Monday, June 13, 2011

HOW TO BE IN THE MOMENT – 101 Little Tips

 TIP #71
Play with a stick.
Feel it, peel it, smell it, scrape it, split it, bend it, break it, balance it, bite it, build it, flick it, float it, carve it, spin it or draw with it.

A young child will think a stick's about the most interesting, entertaining thing there is…until taught otherwise.

Be that child.

16 comments:

Bernie Krausse said...

That's interesting, because a few days ago, I let go and let the stick play with me. It threw me all over the place. :)

Jeffrey Willius said...

Isn't that why they say "Speak softly and don't carry too big a stick"? Love your perspective Bernie!

The Simple Dude said...

George Carlin had a great bit about sticks.. it was something along the lines of how when he was a kid all you needed was a stick to be entertained for hours. And he wondered whether kids these days even know what a stick is... he was the best. Definitely miss him.

Thanks for stopping by my blog.. always good to find locals. Tweet me when you put up new posts - I'll always retweet for Minnesotans!

SD
The Simple Dude

Jeffrey Willius said...

Thanks for the comment -- and for following! Yes, I'd forgotten Carlin's stick bit. He was great. I think today kids might think of a stick as a flash drive.
I tweet about all my new posts -- don't you have to follow me on Twitter to get them? Or can I tweet just you?

Craig said...

Hi Jeffrey. When I moved to Toronto I didn't know anyone so I used to go to the park a lot. I was still young then, in my early thirties, and I find a two or three foot stick, and I would run along and throw it as high as I could with one hand, and then do my best to catch it with the other hand. It was a real body/mind synchronization exercise, and a lot of fun. Thanks for the reminder of those enjoyable Sundays at the park.

Jeffrey Willius said...

Hi Craig -- I'm glad my post brought up a pleasant memory for you. So, did that exercise make you ambidextrous?
Your memory recalls my doing pretty much the same thing with a pencil once. Still have a faint dark spot in the palm of one hand where, trying to capture it between my hands, the tip drove into my flesh! I learned something that day.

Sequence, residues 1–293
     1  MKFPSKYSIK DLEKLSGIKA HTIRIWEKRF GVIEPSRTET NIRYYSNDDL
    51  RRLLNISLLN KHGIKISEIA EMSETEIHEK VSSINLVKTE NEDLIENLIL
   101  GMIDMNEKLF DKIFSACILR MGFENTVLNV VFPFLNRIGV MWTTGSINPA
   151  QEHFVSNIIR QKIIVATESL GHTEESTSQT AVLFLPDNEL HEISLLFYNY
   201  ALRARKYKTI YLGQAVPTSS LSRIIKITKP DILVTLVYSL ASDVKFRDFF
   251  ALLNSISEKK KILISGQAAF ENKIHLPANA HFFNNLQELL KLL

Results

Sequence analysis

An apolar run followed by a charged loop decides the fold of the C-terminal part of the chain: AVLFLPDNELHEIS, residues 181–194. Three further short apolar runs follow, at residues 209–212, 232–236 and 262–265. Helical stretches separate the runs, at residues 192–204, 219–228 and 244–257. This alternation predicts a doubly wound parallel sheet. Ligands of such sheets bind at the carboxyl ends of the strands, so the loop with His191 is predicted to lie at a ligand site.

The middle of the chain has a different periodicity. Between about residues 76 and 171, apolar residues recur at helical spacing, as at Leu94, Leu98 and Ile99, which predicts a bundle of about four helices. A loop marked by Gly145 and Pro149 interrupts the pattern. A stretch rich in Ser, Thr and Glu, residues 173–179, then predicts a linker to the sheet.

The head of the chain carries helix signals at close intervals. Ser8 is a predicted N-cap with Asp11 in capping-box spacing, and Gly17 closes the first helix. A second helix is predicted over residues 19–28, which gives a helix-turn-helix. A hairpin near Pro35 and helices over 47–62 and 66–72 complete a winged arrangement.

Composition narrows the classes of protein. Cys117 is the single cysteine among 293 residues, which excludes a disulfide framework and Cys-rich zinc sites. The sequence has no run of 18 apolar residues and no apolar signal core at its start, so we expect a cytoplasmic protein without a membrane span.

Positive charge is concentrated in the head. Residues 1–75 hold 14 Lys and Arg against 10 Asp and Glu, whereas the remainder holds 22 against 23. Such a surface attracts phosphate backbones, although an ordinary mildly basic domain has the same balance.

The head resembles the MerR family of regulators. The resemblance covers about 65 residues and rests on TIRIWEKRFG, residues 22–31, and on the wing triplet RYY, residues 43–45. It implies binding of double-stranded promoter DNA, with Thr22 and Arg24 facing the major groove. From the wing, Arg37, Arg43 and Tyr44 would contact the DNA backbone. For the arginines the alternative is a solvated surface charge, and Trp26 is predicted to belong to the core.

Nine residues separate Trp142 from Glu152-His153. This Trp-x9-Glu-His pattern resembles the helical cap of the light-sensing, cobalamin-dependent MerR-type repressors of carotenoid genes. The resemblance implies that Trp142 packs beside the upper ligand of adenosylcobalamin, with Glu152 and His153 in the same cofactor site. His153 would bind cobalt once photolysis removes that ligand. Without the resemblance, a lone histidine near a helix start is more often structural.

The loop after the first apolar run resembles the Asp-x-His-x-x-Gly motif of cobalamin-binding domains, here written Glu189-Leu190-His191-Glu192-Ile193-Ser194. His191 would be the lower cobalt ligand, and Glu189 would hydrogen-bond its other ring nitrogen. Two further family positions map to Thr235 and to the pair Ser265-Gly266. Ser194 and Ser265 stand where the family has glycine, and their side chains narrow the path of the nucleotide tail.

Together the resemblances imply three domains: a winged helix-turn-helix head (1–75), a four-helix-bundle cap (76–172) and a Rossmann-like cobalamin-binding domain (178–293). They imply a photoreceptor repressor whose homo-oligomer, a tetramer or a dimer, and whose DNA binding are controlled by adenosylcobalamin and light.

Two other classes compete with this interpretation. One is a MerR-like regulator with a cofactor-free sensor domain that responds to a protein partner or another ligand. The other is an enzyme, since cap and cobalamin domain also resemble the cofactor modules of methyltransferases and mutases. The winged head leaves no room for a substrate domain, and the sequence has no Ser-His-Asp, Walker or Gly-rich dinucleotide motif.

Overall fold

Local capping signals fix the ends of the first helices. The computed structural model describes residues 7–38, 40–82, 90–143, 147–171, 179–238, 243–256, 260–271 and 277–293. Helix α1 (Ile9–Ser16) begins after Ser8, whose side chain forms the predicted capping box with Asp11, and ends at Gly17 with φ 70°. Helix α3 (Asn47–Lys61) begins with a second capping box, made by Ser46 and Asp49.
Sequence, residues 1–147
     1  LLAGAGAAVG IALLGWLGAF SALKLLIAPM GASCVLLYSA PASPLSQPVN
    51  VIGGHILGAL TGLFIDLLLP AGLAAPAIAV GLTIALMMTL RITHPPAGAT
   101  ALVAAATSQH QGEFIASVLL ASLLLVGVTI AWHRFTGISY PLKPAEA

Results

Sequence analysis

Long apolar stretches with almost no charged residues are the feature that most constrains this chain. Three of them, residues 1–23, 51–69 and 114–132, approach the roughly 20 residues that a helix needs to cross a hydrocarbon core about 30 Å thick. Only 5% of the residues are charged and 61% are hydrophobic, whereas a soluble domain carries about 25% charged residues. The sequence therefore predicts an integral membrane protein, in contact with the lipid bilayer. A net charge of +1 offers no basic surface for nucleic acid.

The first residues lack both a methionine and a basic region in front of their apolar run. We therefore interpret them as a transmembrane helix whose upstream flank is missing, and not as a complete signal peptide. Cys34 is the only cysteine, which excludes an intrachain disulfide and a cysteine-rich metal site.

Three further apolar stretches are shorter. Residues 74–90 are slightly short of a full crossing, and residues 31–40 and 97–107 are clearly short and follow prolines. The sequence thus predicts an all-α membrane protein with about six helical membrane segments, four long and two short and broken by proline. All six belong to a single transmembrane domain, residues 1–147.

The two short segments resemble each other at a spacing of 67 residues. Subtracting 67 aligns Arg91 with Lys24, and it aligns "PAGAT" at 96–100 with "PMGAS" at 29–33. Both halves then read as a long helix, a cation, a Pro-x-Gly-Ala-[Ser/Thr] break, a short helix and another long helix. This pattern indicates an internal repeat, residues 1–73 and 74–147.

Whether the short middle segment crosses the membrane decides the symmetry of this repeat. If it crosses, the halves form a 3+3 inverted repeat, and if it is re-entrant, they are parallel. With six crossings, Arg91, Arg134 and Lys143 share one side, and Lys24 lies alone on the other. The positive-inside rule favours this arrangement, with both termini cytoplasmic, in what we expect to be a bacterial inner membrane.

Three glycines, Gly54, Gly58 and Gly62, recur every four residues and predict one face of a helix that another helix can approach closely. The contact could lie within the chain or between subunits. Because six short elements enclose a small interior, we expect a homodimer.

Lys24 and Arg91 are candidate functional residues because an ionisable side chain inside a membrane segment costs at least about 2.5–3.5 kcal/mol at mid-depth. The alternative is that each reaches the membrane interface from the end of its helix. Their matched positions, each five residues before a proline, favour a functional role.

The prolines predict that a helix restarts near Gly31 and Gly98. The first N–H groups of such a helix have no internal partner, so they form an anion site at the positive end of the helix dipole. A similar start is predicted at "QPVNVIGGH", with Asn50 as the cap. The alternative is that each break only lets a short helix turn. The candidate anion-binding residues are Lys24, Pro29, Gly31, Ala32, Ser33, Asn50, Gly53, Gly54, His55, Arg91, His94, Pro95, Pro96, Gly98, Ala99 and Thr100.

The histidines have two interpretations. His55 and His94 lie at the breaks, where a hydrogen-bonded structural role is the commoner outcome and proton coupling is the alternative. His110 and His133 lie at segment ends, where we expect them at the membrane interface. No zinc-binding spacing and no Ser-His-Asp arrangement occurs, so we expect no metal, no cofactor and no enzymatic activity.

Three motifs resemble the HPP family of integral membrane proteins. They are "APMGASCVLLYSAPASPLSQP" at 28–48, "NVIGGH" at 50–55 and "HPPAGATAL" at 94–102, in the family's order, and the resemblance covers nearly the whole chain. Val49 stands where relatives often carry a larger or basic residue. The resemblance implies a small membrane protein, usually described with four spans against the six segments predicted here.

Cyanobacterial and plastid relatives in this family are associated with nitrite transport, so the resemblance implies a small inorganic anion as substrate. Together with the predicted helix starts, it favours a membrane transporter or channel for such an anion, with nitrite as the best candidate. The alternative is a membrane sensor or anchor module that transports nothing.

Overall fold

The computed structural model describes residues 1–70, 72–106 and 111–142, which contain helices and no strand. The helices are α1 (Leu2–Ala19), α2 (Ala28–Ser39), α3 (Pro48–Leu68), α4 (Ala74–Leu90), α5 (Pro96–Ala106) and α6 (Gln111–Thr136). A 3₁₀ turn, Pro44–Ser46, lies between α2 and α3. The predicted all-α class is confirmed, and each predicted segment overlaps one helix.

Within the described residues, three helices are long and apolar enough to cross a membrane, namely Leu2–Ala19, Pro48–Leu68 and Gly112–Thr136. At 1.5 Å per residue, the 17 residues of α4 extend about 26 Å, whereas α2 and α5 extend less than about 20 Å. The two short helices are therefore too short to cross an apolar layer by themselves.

Anonymous said...

A stick was the handle that held all your wordly possesions that were wrapped in the cowboy blue "kerchief" on your road to somewhere.

Craig said...

Ouch, that sounds like a painful lesson! I was lucky not to ever bang my hands. Yes I definitely had some ambidextrous thoughts in my play. I would switch sides with different patterns, doing one side once then switching, or doing one side thrice then switching. I remember that it was clearly easier to toss with the right hand and catch with my left hand.

Jeffrey Willius said...

Anonymous -- What a wonderful, poetic image you paint! So true to the wistful, restless thoughts of a young (or old) romantic like me -- and, I presume, you. Thanks for your comment -- I'd love to hear more from you!

Jeffrey Willius said...

Craig: Very interesting! So, what do you do with your hands these days?

Toyin O. said...

oh, the beauty of being a child again.

Jeffrey Willius said...

Hi Toyin -- Ah, but you ARE still a child at your innocent, vulnerable core! I think we all can re-connect with that wondrous, eager-to-learn place in our spirits.
I may have to shed a few layers of stress and/or cynicism, but then all I have to do is show up, pay attention and not be in a hurry to leave.
Thank you so much for visiting One Man's Wonder!

Craig said...

Hi Jeffrey, It's funny you ask about my hands. I'm a Rolfer, if you know what that is. If you don't, it's a form of deep tissue body re-education. Been at it for 17 years. It's a craft where it's somewhat important that you can use both sides of your body equally, so the ambidextrous theme carries into that too.

Jeffrey Willius said...

Craig -- Very cool...as long as the left hand knows what the right hand is doing! ;-)

John Pearson said...

Play with a stick... by looking at the lichens and learning their names. Yours has a gray rosette lichen (Physcia) and a yellow one I don't recognize.

Jeffrey Willius said...

Hi John -- Thanks for visiting One Man's Wonder and commenting! You definitely found an angle to the wonder of this stick that I hadn't thought of.
You have a great blog - love the post about the prairie mystery and am now following. Heck, it's the least I can do for an Iowan! (I'm in MN)

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